When a band of church musicians finds itself lying flat in the back of a fish truck, smuggled across a dry river bed and into Burma—one of the most dangerous places in the world for Christians these days—you know it’s not about playing another gig.
A few days later, having been protected by an unlikely militant ally, Bluetree played for four hours straight, live in front of 15,000 refugees in Mae La, a refugee camp on the border of Burma and Thailand. The only band to ever play there.
Clearly, for the band best known for its song “God Of This City,” written spontaneously while ministering in Thailand’s red light district, it’s never been a ‘music for music’s sake’ proposition.
Leading worship around the world since 2005, the trajectory of Bluetree’s ministry made a dramatic shift in 2008 after their experience in Thailand.
They went back home to Belfast, Northern Ireland, cleared their touring schedule, plugged back into local church, and began to reconnect to the big-picture meaning of ‘avodah’ (Hebrew for ‘worship and work’). They began to reconsider the boundaries of what is and can be worship.
Bluetree’s founder and primary songwriter Aaron Boyd explains: “We went back home asking, ‘How does this all work? Whose responsibility is it to see these girls released from prostitution and transformed…because if I just pray over the city and nothing happens, then it’s God’s fault, right?’ It’s very easy to push that over on God, but Scripture tells us to go into the world and love people.”
Set for release in August 2014, Worship & Justice fleshes out in music the ‘avodah’ (worship and work) perspective Bluetree has gained from leaning in to hear the heart of God.
“Worship is justice. The two are inextricable, really,” Aaron says. “We can’t do it all—end world hunger, end poverty, stop human trafficking—but what’s the bigger plan? What can we do?”
As much as it sounds revolutionary, Aaron says it really isn’t. “I think the church finally understands that our entire lives are an act of worship in the Kingdom of God. When we sing on Sunday mornings, that’s an expression, but when we go to work, when we go to school, when we are smuggled into a country to go and encourage the underground church, or minister to prostitutes—that is all an act of worship, individual to God. We carry it everywhere we go…. Understanding that when we love God and we love our neighbor, we understand that worship is justice.”
Toward that end, Bluetree—who through partnership with Integrity Music—continues to focus on corporate worship songs that awaken the spirit of worship in action, songs that speak of new life in Christ and the impact that should have on those yet to find it.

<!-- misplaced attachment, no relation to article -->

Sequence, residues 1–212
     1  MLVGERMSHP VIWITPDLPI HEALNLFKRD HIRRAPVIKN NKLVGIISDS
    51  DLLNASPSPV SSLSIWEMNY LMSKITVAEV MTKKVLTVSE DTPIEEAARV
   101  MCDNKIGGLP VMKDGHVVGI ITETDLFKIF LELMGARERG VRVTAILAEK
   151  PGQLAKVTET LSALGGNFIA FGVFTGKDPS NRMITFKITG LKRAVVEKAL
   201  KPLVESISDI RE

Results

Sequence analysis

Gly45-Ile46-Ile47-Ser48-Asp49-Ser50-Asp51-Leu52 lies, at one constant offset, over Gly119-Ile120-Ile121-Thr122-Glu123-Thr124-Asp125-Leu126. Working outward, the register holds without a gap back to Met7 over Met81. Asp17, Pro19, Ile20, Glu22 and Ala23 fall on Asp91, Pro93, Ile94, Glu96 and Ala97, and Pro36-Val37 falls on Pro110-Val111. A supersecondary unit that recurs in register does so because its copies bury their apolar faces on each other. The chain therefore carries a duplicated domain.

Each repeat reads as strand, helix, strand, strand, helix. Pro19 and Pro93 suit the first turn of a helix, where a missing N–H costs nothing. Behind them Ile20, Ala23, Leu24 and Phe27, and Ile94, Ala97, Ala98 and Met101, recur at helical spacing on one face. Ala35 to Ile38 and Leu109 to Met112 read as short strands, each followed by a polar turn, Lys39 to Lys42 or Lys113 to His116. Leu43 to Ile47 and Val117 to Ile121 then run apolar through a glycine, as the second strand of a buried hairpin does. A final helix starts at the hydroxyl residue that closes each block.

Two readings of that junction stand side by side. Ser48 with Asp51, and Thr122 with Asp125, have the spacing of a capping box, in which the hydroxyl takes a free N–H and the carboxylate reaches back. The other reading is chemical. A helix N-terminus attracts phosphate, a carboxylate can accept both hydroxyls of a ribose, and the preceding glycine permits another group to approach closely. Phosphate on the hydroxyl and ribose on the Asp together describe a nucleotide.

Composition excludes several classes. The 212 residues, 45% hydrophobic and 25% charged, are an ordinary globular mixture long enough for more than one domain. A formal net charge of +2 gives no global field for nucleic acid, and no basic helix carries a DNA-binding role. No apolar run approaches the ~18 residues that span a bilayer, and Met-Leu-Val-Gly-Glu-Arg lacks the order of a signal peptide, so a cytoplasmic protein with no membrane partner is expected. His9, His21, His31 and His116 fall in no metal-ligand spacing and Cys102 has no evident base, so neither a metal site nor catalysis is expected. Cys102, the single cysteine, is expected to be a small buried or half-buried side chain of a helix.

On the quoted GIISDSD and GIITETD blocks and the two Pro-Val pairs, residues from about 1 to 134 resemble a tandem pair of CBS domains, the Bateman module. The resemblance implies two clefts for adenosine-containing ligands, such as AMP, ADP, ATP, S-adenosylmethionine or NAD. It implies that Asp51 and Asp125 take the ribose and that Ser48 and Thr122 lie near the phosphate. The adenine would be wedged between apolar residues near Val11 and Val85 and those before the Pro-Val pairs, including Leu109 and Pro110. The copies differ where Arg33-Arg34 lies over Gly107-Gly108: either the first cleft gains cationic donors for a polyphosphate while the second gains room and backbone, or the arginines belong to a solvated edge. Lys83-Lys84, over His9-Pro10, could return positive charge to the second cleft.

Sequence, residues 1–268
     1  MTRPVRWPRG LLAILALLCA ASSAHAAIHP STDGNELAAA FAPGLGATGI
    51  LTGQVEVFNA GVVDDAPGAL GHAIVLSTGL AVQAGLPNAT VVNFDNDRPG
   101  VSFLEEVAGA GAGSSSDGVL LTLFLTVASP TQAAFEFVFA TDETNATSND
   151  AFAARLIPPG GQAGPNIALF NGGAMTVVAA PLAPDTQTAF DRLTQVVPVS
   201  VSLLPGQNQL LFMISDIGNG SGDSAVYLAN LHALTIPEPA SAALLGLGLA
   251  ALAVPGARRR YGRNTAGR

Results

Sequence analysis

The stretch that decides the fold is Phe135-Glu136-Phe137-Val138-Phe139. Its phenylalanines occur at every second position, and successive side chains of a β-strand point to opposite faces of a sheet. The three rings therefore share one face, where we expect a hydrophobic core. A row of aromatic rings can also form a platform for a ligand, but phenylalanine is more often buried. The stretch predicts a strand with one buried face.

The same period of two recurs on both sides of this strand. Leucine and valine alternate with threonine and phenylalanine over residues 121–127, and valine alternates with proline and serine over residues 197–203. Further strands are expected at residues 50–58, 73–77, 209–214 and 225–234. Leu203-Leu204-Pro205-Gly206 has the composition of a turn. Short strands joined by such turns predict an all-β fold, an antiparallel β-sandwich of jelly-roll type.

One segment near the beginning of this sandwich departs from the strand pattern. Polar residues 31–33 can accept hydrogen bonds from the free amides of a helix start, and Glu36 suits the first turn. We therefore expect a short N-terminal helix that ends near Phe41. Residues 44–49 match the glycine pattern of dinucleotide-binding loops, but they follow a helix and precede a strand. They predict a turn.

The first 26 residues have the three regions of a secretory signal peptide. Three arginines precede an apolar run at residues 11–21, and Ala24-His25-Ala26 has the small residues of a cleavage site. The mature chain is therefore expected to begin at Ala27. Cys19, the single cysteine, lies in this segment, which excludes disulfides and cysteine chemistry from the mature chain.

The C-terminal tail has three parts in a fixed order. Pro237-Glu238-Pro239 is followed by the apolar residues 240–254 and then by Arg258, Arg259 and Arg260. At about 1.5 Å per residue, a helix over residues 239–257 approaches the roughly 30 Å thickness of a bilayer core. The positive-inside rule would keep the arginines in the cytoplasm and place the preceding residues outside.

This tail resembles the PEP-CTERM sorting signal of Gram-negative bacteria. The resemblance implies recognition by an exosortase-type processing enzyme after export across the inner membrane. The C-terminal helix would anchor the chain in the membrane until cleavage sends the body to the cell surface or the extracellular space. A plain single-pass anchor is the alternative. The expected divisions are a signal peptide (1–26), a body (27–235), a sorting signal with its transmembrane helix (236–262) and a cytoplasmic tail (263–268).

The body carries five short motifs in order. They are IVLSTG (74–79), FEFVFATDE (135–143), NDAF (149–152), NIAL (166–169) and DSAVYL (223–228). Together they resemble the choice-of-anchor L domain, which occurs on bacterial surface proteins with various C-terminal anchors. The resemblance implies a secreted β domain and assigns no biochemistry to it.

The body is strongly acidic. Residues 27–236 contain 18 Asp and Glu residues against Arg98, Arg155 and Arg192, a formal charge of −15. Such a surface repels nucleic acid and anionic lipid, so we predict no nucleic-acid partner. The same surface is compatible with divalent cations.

Songs like “My Redeemer Lives,” “New Creation,” and “It Is Finished,” are passionate reminders of the permanence and power of God’s grace in our lives.
Aaron takes issue with the oft-used Christian adage, ‘I’m just a sinner saved by grace.’ “No. We are the righteousness of Christ. In the middle of your deepest darkest moments, you are still righteous. When God looks at us, he sees Jesus… As sons and daughters in the kingdom of God, we fall into grace not out of grace.”
From on songs from “Each Day” and “God, You Are Good” to “Jesus Healer,” Worship & Justice is personally and spiritually significant to the band, especially to Aaron, whose young daughter has Cystic Fibrosis.
“That first moment when you hear the words Cystic Fibrosis, when you find out about the CF world, I felt completely numb,” Aaron says. “I didn’t understand anything. And that was the thing that made me think, ‘Our relationship with Christ has to be based on something so much deeper than what we feel because we can feel emotionally bipolar at times…’ ‘Each Day’ declares that even in the middle of chaos, we can still hold on to the promises and God will never leave us alone.”
In these and all the tracks on Worship & Justice, Bluetree is committed to pouring everything—their lives, their travels, their music—into building up the church for the glory of God. “Coming from Belfast and playing in the local church, having the ability to travel, my eyes have been opened to how transient and fluid worship is,” Aaron says. “There are massive sacrifices and massive rewards when we all buy in, and it genuinely never stops.”
As God continues to open desperate doors, as with those in Cambodia’s child brothels recently shown in the band’s “Shine” video, this band is determined to walk through. “You can be among the most hideous paedophiles, in the middle of an active crime scene, but when you help people lift up truth over their lives, it is a complete joy and honour,” Aaron says. “It has little to do with us, and that’s the beauty of it.”